As The American Legion celebrates its centennial this year, one of its younger members is heading up efforts at his Elkins, W.Va., post to continue what has been 100 years of service at the local level.

Donald Lambert, 23, last year began serving what will be two terms as H. W. Daniels Post 29 commander at age 22. The current Air National Guardsmen and West Virginia’s 9th District adjutant, took over a post that was chartered on Sept. 3, 1919.

Lambert joined the post shortly after finishing basic training but had been familiar with the Legion since he was involved in the post-sponsored Boy Scout troop.

“I was exposed to the Legion atmosphere since I was 10,” Lambert said. “I stayed in close contact with the members, and they sponsored me for (Mountaineer) Boys State. After I got back I joined the Sons (of The American Legion) for a year, and then I was eligible for The American Legion and I joined and became a dual member."

With a membership approaching 400, Post 29 is involved in both American Legion and community programs, including Boys State and Girls State and American Legion Baseball, sponsoring Boy Scout Troop 66 for 40 years, taking part in school Veterans Day programs and supporting the Randolph County Special Olympics.

The post also has had some success recruiting post-9/11 veterans – a task Lambert takes on personally. “I’ve actually gone around to my friends and said ‘Hey, why don’t you join?’” he said. “I just talk to them, see what kind of things they’re looking for with these different groups. I’ve brought some of them in for meetings … welcome them in with open arms, talk to them, make sure … it’s not just someone coming into a meeting and sitting in the back of the room. We want them to be a part of this and get the experience.”

Lambert also sells the American Legion Family, especially when family sometimes is a reason for a veteran not joining. “One of my veterans … he’s a couple months older than I am (and) he’s actually getting ready to get out of the Air Guard,” he said. “He threw that at me when I tried to get him to join: ‘I just bought a house. I just started this job. I just had my baby.’ It’s like ‘I see more reasons why you should be a part of the Legion. Your wife can be a part of the Auxiliary, your daughter can be a part of the Auxiliary.’”

Community involvement plays a part in attracting younger veterans, Lambert said. And having a post facility will allow for Post 29 to host events attractive to a younger generation, including support groups and music events while balancing that with what the older veterans want as well.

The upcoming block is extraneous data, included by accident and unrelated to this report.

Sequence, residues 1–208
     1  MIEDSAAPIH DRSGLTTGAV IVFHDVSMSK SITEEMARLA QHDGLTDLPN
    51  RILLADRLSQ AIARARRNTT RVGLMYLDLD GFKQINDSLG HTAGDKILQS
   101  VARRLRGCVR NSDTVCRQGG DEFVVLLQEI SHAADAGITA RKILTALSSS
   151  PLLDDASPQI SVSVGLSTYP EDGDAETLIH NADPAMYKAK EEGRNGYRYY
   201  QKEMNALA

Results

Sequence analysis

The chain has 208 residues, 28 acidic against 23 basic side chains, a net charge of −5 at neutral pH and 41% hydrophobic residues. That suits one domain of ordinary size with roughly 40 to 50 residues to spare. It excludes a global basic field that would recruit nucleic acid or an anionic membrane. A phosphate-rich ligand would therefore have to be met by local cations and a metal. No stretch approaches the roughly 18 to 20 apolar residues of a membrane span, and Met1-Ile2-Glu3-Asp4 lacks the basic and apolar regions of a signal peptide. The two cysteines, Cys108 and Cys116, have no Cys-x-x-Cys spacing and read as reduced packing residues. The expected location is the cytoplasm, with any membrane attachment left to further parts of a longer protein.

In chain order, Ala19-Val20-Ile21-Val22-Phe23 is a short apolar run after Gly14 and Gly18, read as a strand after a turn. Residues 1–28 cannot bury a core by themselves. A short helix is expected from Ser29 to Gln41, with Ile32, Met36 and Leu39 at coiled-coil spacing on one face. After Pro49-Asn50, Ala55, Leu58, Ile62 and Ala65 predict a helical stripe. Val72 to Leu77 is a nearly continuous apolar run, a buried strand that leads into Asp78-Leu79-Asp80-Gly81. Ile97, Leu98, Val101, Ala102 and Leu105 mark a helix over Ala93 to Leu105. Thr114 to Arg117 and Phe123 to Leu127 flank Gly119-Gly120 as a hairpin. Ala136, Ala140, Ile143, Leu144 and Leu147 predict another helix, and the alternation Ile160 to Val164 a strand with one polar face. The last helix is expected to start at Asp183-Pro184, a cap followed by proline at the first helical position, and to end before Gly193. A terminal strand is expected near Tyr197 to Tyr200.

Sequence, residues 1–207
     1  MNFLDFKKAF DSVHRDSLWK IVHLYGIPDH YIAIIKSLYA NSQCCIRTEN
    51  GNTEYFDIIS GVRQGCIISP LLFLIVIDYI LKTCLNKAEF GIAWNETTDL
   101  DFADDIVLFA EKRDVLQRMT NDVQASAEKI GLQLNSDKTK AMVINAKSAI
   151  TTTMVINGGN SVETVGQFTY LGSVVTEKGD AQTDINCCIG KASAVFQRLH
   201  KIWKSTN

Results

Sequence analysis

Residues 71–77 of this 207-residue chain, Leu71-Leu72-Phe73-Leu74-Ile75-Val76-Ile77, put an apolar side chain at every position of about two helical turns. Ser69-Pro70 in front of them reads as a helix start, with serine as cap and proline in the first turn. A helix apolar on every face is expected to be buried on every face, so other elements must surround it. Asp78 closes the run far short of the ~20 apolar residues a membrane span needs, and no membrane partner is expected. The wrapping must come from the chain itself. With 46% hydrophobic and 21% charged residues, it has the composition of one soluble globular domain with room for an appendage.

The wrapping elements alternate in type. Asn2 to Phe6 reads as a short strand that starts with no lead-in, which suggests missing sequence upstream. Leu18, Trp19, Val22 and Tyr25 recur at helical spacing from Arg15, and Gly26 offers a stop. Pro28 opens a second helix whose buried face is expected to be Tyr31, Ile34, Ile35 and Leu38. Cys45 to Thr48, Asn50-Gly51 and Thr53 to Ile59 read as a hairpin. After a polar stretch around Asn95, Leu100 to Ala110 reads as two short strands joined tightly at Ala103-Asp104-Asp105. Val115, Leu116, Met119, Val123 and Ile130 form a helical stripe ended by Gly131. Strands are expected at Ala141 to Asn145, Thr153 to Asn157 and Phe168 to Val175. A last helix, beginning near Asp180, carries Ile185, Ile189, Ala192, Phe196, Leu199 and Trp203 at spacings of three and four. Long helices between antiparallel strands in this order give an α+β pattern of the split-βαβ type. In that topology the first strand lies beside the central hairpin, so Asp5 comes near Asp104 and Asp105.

Lambert admits there can be a communication gap between older and younger veterans. But there also is a common bond between the generations that Lambert sees “all the time. One of the youngest members I have, he’s 19 and just got out of basic training not too long ago. Our oldest active member is 84. They’ll sit and talk like it’s no one’s business. They’ll discuss things … even though the services have changed, it’s still the same things: basic training stuff, waking up early. The bond between the brothers of their respective eras is still the same. They still talk highly of their friends.

“I can see, between the two, there’s that common bond. We share that common interest. We all raised our right hand. We all still did the same thing, saying we’ll protect the country.”

Lambert said it’s special to be serving as post commander when both The American Legion and Post 29 are celebrating their 100th birthdays. The post will have a celebration in September to commemorate its founding.

“To be the commander of my post not only when the national American Legion turns 100, but when my post itself turns 100, is not only an immense honor. It’s a privilege,” Lambert said. “Our first commander was 24. And here I am taking over the post at 22, and I’ll be the commander until I’m 24.

“To see what not only my post has done the last 100 years, but to see what the national Legion has done has been amazing. The programs it has sponsored and greatly fought for, and has pushed for for many years. It’s astounding what the Legion has accomplished for 100 years and what I wish for the Legion to be able to accomplish with the new generation hopefully joining its ranks.”